Here's one for the ages: Are cats afraid of bananas? Judging by the sheer number of YouTube videos involving felines leaping for their lives at the sight of this tropical fruit, the answer would appear to be a resounding yes (or meow, depending on who you ask). And according to some experts, there could be scientific explanations for why cats find bananas so unreasonably terrifying.
Before we delve into the weird world of melodramatic feline responses to food, though, let's start with a disclaimer: Don't scare your pets. OK, so that was more of an imperative. But seriously, while it might be comical to watch your "scaredy cat" turn into a contortionist at the sight of an errant fruit or vegetable, pulling this prank on your pet could actually be bad for their health — not to mention, it's not nice. It just isn't. The reality is there are many thing cats are seemingly irrationally afraid of, so the odds are good you'll inadvertently give your feline friend a startle at least once in your lifetime together. No need to go out of your way to do it!
Still, since this question is popping up after the great cucumber cat scaring craze of 2015, it's clear we still have much to learn about this unique phenomenon. Here are a few possible explanations for why bananas (and cucumbers, and zucchini, and just about any other odd object you might think about pranking your pet with) seem to freak out our kitty pals so much.
1. The Element Of Surprise
Considering most of the videos of cats being terrified of inanimate objects involve the object being placed behind or near the cat when they are unaware of it, it stands to reason the cats aren't scared of bananas — they're just scared. "I think that the reaction is due to the novelty and unexpectedness of finding an unusual object secretly placed...," Dr. Roger Mugford, a specialist in animal behavior, told the Telegraph during Cucumbergate 2015.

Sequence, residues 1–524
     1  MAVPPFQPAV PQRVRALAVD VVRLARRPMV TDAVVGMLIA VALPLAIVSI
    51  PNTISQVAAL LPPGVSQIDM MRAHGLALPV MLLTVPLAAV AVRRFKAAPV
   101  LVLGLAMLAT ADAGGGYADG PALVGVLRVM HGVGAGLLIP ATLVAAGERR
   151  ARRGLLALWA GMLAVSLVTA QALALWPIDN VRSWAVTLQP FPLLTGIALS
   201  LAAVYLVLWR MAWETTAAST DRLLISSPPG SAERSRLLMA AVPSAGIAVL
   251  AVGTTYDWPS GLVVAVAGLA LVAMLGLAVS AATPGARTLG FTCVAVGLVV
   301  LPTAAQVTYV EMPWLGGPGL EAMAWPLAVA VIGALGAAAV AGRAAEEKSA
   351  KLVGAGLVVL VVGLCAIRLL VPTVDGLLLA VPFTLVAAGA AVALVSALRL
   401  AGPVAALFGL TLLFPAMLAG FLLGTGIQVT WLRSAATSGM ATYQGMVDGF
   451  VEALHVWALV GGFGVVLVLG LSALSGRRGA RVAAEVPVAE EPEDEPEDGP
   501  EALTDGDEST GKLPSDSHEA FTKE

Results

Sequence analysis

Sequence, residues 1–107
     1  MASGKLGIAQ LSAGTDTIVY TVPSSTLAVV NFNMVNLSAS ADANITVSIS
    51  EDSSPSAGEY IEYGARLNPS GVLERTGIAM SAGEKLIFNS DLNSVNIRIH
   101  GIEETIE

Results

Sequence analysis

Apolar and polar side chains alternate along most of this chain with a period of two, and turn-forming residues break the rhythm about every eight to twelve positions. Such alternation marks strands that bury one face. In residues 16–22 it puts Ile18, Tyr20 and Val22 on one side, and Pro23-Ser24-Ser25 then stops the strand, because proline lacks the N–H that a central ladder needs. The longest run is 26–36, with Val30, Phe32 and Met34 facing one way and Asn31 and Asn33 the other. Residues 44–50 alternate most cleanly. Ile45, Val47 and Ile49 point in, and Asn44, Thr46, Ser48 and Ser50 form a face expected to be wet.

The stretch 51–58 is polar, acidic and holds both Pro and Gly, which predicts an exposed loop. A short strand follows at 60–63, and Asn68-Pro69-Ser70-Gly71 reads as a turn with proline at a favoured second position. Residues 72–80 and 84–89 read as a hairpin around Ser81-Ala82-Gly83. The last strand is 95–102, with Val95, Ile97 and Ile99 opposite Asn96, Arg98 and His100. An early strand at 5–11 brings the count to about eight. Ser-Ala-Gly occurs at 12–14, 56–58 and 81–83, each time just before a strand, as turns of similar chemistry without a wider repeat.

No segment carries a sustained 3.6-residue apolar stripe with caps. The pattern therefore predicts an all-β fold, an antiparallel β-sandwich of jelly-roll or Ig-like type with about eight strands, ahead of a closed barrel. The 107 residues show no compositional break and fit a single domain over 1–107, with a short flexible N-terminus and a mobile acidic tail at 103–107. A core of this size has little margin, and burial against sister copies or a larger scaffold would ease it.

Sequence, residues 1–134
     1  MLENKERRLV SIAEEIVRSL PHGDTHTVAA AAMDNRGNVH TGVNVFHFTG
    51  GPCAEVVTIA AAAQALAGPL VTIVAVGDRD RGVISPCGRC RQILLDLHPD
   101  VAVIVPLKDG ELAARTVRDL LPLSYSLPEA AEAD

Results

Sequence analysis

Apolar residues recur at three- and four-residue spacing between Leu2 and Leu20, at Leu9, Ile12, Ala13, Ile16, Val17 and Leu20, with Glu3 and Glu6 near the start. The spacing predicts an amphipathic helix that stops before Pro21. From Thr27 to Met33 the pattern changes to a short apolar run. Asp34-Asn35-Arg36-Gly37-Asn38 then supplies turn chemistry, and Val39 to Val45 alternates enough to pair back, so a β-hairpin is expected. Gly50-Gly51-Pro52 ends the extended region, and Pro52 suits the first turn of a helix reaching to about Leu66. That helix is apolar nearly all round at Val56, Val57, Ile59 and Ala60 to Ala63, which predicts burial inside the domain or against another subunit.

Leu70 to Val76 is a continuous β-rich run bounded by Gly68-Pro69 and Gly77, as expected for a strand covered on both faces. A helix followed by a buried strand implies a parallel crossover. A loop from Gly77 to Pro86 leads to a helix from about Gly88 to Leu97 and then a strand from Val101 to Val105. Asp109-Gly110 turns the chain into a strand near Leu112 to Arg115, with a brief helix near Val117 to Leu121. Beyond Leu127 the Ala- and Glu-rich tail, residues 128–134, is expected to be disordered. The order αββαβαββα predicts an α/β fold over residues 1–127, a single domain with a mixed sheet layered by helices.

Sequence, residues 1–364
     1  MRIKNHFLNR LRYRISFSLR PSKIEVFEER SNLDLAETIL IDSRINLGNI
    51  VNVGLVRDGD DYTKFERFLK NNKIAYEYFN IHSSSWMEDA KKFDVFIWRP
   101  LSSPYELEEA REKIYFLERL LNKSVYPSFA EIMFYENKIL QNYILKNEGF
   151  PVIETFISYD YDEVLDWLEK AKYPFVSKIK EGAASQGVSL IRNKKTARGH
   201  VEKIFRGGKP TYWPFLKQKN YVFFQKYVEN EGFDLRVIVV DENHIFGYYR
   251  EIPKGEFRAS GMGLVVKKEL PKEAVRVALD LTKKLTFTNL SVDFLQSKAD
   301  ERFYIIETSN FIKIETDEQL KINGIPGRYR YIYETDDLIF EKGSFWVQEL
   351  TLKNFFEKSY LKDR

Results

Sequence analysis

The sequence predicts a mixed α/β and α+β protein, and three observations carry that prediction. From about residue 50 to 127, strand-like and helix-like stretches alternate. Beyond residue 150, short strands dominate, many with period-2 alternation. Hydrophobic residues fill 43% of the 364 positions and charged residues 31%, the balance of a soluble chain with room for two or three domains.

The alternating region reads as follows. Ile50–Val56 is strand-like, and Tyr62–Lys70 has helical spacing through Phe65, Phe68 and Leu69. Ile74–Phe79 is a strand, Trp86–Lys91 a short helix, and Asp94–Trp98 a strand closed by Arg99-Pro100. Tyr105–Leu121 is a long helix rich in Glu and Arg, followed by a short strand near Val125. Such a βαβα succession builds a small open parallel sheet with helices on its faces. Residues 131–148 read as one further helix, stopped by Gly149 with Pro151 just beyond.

2. It's Not The Fruit; It's The Peel
Some pretty astute cat lovers on a recent Quora forum weighed in on the topic with a surprising suggestion: It's not that cats don't like bananas themselves (which are edible to them), but rather that cats don't like the smell of bananas. The theory goes that because ripening bananas give off ethyl acetate, their odor has overtones of acetone — a smell cats hate. But is there any credence to this notion? Apparently so! I came across several cat care websites that go so far as to suggest rubbing banana peels on furniture or in areas you don't want your cat to go near.
Jill Goldman, a certified animal behaviorist in southern California, stressed to National Geographic that cats' fear of fruits and vegetables likely has a lot to do with the fear of potential threats. Unlike big cats in the wild, domestic cats face an abundance of larger predators every day. As such, their fight-of-flight response is essentially always on high alert — which explains why a banana or cucumber could scare the wits out of them if they thought it could be a threat, like a snake. "With a startle response, a cat will often try to get out of there as quickly as possible and then reassess from a distance," said Goldman.
4. Underlying Health Issues
When I wrote about cats' fear of cucumbers last year, Dr. Tony Buffington — a California-based feline expert and author of more than 100 scientific publications on the subject — alerted me to a study done on the effects of interstitial cystitis on the acoustic startle reflex in cats. Long story short? Cats who suffer from interstitial cystitis, or lower urinary tract disease, display a markedly higher startle reflex than healthy cats. So while this likely isn't the cause for every cat's banana phobia, it's certainly something to look into if your cat exhibits this kind of behavior.